Code-named KRE (Kernel Rules Engine) this is TruPrevent’s second component, a Behavior Blocking module which complements TruPrevent's Behavioral Analysis. If we were to map these two modules within the HIPS framework used by Gartner to categorize the different technology styles used by integrated endpoint security suites, they would fit into the "Application Control, Resource Shielding and Behavioral Containment" styles. Such technology styles are not however as compartmentalized in commercial products as they may seem in Gartner's framework.

Hackers and malware mafias abuse the privileges of legitimate applications to attack systems by injecting code. To prevent these types of attacks generically a very cost-effective approach is to use rule-based blocking technology which can restrict the actions that authorized applications can perform in the system.

KRE is composed of a set of policies which are defined by a set of rules describing allowed and denied actions for a particular application of group thereof. Rules can be set to control an application’s access to files, user accounts, registry, COM objects, Windows services and network resources.

Despite offering a high degree of granularity to administrators for creating custom policies for deployment within a corporate network, KRE is shipped with a set of default configuration rules which are managed and updated regularly by PandaLabs. A limited list of the most relevant and queried rules can be viewed at http://www.pandasoftware.com/com/virus_info/rules. These provide protection against attacks exploiting common weaknesses found in out-of-the-box as well as fully-patched installations of Windows operating systems, such as modifications of the HOST file, loading Browser Helper Objects (BHO) in a certain way, exploitation of browser and email vulnerabilities, downloading and running executable code from within the iexplorer.exe process, launching commands from service applications, and many more such policies.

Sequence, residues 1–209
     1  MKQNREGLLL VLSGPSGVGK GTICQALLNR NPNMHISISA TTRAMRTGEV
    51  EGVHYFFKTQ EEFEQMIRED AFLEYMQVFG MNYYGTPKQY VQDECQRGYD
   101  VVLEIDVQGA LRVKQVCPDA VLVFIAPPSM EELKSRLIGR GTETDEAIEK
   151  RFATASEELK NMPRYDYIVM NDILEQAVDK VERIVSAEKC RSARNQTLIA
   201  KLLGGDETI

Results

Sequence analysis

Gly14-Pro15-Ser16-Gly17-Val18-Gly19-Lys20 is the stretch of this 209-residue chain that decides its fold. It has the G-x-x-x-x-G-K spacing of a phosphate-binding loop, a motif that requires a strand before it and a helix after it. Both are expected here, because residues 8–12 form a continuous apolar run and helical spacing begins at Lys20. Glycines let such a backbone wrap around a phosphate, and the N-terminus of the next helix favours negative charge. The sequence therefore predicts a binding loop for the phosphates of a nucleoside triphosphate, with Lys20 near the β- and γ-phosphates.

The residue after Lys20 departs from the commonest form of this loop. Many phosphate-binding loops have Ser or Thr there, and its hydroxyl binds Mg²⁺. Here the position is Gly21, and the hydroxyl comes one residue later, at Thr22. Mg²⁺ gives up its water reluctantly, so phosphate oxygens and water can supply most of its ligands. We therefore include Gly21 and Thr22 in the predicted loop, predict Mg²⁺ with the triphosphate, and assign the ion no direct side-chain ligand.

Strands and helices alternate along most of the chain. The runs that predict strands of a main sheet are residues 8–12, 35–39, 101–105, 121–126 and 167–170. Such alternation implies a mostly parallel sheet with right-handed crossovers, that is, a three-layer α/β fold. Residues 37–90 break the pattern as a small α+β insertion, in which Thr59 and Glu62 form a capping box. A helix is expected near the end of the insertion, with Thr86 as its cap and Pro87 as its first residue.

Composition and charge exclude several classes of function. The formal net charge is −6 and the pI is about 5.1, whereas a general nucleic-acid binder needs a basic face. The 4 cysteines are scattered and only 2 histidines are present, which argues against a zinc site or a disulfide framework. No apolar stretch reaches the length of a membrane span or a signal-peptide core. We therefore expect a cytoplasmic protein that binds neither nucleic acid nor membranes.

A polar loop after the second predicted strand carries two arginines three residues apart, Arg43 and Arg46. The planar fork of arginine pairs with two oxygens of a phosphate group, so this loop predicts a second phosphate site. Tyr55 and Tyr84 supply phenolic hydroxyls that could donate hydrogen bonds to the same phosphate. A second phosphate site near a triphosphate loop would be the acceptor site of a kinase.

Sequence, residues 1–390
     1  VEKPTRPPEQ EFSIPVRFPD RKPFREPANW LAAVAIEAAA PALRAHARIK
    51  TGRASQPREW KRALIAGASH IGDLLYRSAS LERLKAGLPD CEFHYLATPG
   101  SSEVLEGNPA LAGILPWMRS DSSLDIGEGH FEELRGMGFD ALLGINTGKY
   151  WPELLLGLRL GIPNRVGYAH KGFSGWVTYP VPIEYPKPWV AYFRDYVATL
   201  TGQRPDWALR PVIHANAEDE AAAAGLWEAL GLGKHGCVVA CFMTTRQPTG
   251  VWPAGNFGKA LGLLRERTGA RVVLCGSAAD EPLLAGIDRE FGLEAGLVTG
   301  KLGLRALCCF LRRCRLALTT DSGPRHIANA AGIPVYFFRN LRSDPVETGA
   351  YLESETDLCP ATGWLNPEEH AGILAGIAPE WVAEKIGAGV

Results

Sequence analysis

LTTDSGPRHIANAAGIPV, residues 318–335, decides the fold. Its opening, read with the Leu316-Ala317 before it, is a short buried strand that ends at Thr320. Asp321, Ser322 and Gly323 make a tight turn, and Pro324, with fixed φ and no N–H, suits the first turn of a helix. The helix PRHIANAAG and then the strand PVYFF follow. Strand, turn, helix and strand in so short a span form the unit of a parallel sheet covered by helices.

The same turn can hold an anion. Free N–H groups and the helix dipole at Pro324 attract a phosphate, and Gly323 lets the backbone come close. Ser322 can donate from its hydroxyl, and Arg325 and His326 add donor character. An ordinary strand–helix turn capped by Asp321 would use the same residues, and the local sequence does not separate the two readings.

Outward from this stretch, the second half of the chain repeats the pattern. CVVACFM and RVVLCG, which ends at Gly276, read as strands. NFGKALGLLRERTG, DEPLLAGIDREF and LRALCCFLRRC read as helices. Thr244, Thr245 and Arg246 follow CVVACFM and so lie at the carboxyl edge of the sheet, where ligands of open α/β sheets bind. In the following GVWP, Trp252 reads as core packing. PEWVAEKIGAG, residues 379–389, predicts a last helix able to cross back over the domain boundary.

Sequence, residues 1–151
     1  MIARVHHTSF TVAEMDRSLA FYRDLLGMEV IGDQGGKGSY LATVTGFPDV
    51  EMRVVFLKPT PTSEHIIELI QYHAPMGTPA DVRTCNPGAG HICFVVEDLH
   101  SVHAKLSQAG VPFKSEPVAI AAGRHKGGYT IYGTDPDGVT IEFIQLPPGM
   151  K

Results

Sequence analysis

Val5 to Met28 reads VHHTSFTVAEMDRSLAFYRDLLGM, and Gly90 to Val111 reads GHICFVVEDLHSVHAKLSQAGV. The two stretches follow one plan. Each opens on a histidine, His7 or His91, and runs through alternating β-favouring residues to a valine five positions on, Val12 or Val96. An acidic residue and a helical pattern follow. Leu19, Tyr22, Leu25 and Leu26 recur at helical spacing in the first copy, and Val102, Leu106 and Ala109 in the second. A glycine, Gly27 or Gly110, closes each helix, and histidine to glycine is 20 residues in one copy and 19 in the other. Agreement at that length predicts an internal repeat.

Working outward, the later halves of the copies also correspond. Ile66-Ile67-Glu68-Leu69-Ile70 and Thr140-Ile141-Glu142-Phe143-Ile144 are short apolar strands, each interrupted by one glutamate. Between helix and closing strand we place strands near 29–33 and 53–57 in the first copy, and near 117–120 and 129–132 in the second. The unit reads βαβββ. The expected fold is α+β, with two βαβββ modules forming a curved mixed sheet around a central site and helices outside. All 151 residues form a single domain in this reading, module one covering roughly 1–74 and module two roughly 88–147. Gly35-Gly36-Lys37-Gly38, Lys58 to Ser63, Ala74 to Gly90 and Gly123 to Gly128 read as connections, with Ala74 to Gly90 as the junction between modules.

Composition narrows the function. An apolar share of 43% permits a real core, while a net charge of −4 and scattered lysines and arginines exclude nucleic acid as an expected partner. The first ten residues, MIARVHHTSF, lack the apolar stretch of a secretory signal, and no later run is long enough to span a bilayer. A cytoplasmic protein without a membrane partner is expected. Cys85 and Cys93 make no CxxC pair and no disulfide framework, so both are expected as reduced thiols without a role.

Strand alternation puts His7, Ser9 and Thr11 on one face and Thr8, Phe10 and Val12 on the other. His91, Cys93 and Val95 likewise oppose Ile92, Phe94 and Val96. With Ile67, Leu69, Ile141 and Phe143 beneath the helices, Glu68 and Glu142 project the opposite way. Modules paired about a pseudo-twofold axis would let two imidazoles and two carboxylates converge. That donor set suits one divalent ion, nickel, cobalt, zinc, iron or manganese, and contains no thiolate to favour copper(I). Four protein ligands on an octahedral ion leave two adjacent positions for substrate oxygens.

In summary, KRE provides a true security lock-down of a typical Microsoft Windows installation, regardless if it's patched or not. This technology has allowed us to tighten the security of a box which is normally left open by newly discovered vulnerabilities and techniques commonly used by malware mafias.

A recent example of the effectiveness of KRE is the never-ending wave of Microsoft Office format vulnerabilities. These vulnerabilities have been used recently by targeted attacks on certain companies. According to a study of known (patched) and zero-day (un-patched) Microsoft Office vulnerability exploits, an average AV signature detection rate of 50% was achieved by all tested antivirus engines. That’s a one-in-two chance of being infected by simply opening an exploited Microsoft Word, PowerPoint or Excel document.

Instead of relying on signatures and heuristics for these type of attacks, Behavior Blocking technologies such as KRE proactively prevents Microsoft Word, PowerPoint, Excel, Access, Acrobat Reader, Windows Media Player and other applications from dropping and running any type of executable code on the system. Unlike any AV signatures tested, TruPrevent provides real zero-day protection against any of these Microsoft Office exploit, known or unknown.

For example, rules 1039 & 1042: Recent MS Office, Acrobat and Windows Multimedia vulnerabilities have been discovered (PowerPoint, Excel, Word, Wmplayer, Acrobat Reader and others are vulnerable). In a normal behaviour these applications shouldn't create executable files in the system. So if you receive an alert, some kind of vulnerability is being exploited, as shown on the blocking notification when trying to open an infected Microsoft Word document.

In this case KRE is preventing these applications from creating and executing code in the system and thereby stopping malware without having to rely on signatures or heuristics for protecting users. Of course there are many more examples of how to block a multitude of malicious behaviour, but I think if you've read this far you get the picture.

Categories: behavior analysis Tags: